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Document records

Hociel Thomas & Lillie Delk Christian

Hociel Thomas & Lillie Delk Christian – 1925-1928

Document – DOCD-5448
Hociel Thomas (1925-1926) gamblers dream – Sunshine baby – Adam and Eve had the blues – Put it where I can get it – Wash woman blues – Ive stopped my man – Deep water blues – Gwan I told you – Listen to ma – Lonesome hours - Lillie Delk Christian (1926-1928) Lonesome and sorry – Baby o mine (take a) – Baby omine (take b) – It all depends on you – Aint she sweet – My blue heaven – Whos wonderful! Whos marvellous? Miss Annabelle Lee – Youre a real sweetheart – Too busy! – Was it a dream? (waltz) – Last night I dreamed you kissed me – I cant give you anything but love – Sweethearts on parade – Baby – I must have that man

Lillie Delk Christian Hociel Thomas

There’s a clear contrast in styles and quality between Thomas and Christian. Both tried (and sometimes succeeded) to create a hybrid of jazz-blues-pop, and both have benefited from the presence of Louis Armstrong’s cornet. The comparison ends here.
Hociel Thomas hailed from a family of musicians. Her father was a renowned pianist, and her aunt was none other than Sippie Wallace. Unfortunately, Thomas often sings in a key where she isn’t at ease, which results in her sounding tired and not very engaged and even top-notch musicians like Armstrong can’t transform more than average material into gold.
Lillie Delk Christian is more interesting vocally, and her material is far superior (I Can’t Give You Anything But Love, Ain’t She Sweet, I Must Have That Man). This probably explains why the band gives a better performance. Noone (clarinet) and St Cyr (guitar) enliven the December 12 session featuring My Blue Heaven and Miss Annabelle Lee with gutsy accompaniment and fine solos. Armstrong appears six months later for the June 26, 1928 session. This session features the best, Too Busy, a bouncing number with Armstrong scatting, and the worst of Christian, Was It A Dream, a waltz that doesn’t allow the Hot Four to express themselves.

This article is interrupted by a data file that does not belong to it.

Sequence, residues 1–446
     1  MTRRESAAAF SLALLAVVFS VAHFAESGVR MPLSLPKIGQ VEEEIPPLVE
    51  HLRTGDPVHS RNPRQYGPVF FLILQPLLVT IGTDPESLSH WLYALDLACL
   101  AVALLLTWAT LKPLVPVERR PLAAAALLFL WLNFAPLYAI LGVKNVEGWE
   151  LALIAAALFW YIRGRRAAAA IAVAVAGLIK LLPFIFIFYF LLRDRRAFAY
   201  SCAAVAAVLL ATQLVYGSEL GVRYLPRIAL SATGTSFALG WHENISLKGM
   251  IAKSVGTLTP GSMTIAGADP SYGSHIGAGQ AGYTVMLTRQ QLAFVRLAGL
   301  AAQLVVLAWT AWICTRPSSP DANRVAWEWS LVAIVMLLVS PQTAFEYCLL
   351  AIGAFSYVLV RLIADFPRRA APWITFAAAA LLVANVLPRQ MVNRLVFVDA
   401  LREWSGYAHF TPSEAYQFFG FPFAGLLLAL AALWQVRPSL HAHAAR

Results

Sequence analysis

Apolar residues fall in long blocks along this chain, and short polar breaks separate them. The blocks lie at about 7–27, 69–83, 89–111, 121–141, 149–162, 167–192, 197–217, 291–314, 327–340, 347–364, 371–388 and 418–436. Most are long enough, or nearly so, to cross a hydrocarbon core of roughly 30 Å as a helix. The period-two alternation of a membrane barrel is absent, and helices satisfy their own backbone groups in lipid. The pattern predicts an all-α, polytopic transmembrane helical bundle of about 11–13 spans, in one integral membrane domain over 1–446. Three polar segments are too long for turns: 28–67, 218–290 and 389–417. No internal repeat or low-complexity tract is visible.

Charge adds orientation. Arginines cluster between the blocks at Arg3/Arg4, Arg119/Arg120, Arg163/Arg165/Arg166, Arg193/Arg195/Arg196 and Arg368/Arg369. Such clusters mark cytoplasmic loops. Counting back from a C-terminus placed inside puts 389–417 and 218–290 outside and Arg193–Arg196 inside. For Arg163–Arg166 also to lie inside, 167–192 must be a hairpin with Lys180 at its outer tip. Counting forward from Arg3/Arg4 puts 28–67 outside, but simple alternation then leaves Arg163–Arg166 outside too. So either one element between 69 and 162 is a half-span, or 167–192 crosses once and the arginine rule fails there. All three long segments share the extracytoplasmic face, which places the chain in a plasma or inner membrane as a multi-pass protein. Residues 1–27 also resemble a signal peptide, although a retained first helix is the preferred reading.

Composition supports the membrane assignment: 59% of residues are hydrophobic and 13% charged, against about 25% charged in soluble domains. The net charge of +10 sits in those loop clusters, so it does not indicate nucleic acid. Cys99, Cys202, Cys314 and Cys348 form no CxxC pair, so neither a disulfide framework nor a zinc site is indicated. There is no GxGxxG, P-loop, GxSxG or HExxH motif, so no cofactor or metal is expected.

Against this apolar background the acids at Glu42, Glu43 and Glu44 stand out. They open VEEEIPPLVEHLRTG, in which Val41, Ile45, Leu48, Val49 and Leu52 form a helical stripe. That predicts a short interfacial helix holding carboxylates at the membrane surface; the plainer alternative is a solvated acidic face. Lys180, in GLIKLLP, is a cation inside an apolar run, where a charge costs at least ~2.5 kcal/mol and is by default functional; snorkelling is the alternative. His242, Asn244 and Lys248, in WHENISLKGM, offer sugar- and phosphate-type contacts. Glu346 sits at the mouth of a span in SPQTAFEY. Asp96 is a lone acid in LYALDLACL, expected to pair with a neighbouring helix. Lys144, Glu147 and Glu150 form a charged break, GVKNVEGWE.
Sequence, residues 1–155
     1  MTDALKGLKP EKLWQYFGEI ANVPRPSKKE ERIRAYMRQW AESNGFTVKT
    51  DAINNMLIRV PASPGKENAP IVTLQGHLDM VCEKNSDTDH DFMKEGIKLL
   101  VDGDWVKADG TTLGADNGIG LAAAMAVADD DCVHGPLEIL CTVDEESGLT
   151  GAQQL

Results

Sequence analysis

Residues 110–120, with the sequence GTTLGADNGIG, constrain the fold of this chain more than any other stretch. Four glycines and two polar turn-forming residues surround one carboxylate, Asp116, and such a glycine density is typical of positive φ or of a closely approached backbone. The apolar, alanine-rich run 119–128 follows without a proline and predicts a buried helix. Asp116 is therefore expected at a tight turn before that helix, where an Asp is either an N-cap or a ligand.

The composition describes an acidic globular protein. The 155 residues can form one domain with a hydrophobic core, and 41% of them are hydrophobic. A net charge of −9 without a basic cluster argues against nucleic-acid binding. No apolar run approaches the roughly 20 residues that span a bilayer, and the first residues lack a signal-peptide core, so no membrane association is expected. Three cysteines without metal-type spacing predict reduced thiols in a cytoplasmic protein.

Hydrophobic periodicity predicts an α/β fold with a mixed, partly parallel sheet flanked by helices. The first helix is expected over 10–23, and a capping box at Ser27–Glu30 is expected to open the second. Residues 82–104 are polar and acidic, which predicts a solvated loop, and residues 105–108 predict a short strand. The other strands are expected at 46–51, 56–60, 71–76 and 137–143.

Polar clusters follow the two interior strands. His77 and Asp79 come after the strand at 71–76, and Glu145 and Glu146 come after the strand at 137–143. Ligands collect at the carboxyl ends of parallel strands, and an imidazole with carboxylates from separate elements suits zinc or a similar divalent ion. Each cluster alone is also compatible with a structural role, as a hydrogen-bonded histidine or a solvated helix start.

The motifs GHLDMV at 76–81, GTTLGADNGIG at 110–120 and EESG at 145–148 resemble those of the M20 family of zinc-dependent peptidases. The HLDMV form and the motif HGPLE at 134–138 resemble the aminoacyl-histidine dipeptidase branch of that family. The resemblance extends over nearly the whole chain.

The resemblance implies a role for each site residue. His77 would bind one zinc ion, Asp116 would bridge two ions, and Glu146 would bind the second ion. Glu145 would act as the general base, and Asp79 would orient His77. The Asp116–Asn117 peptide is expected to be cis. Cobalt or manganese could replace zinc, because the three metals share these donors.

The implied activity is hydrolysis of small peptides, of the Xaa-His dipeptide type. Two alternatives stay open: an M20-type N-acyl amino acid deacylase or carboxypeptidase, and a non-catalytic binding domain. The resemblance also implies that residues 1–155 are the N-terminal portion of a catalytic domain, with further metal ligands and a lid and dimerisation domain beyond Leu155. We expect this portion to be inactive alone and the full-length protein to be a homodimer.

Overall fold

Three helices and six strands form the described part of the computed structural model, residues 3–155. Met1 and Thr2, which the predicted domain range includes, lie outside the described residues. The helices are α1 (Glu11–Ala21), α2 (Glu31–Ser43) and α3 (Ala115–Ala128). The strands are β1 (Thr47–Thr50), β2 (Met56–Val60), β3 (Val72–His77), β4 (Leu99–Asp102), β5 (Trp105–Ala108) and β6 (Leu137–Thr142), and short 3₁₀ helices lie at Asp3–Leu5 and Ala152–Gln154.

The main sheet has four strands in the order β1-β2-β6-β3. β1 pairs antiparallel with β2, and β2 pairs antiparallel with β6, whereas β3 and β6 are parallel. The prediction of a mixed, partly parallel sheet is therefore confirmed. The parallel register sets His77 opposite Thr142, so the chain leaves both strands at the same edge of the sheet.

The last recordings lack a bit of swing in the vocals but are saved by a good rendition of I Must Have That Man.
This selection is an excellent addition to anyone interested in Satchmo’s early years and work as a backup band. Despite some flaws and, Lillie Delk Christian’s sides have a certain charm and are appealing enough for a curious listener and anyone who digs Annette Hanshaw with whom she shares a common repertoire and style.

Find it here.

Note: two more Christian tunes (Sweet georgia Brown and Sweet Man) can be found on Vocal Blues & Jazz – Remaining Titles Vol. 3: (1921-1928)

Fred “Virgil” Turgis

Tommy Johnson

Tommy Johnson – 1928 – 1929

Document Records – DOCD-5001
Cool drink of water blues – Big road blues – Bye-bye blues – Maggie Campbell blues – Canned heat blues – Lonesome home blues (take 1) – Lonesome home blues (take 2) – Big fat mama blues – I wonder to myself – Slidin` delta – Lonesome home blues – Boogaloosa woman – Morning prayer – Black mare blues (take 1) – Black mare blues (take 2) – Ridin` horse – Alcohol and jake blues

Tommy Johnson

Probably because he doesn’t have the same romantic aura around him as his homonym Robert, Tommy is not the Johnson that history, or more precisely the media, remembers.
His recording career was brief, with only 17 titles, all available here, but the quality was constant.
During two sessions, one for Victor (songs 1-8) and the other for Paramount (9 to 17), he recorded one of the most interesting, rich and unique catalogues in terms of Delta Blues that’ll influence many generations after him (Howlin Wolf, Houston Stackhouse…). He was also among the first to come with the “crossroad mythology”.
His voice is full of intensity, especially on autobiographical pieces like “Canned Heat Blues” or “Maggie Campbell Blues” (named after one of his wives) and can turn into a high-pitched falsetto, sometimes close to yodel. He supports it with a solid guitar style inspired by Charley Patton. Some sides show him backed by a second guitar (Charlie McCoy), a clarinet, and a piano on Black Mare Blues.
Maybe the Paramount sides, compared to the Victor recordings, don’t fit your quality standards, which is not a surprise from the label (Paramount, not Document), but make an effort, and you’ll be rewarded ten times by the quality of the music you’ll hear.
Sadly, Johnson’s bad temper and his alcoholic habits didn’t allow him to build a “serious” career, which I guess led to more alcoholism. He lost his royalties gambling and drinking and died in extreme poverty in 1956.
His musical legacy is a must-have for anyone interested in Delta Blues.

Available here
Fred “Virgil” Turgis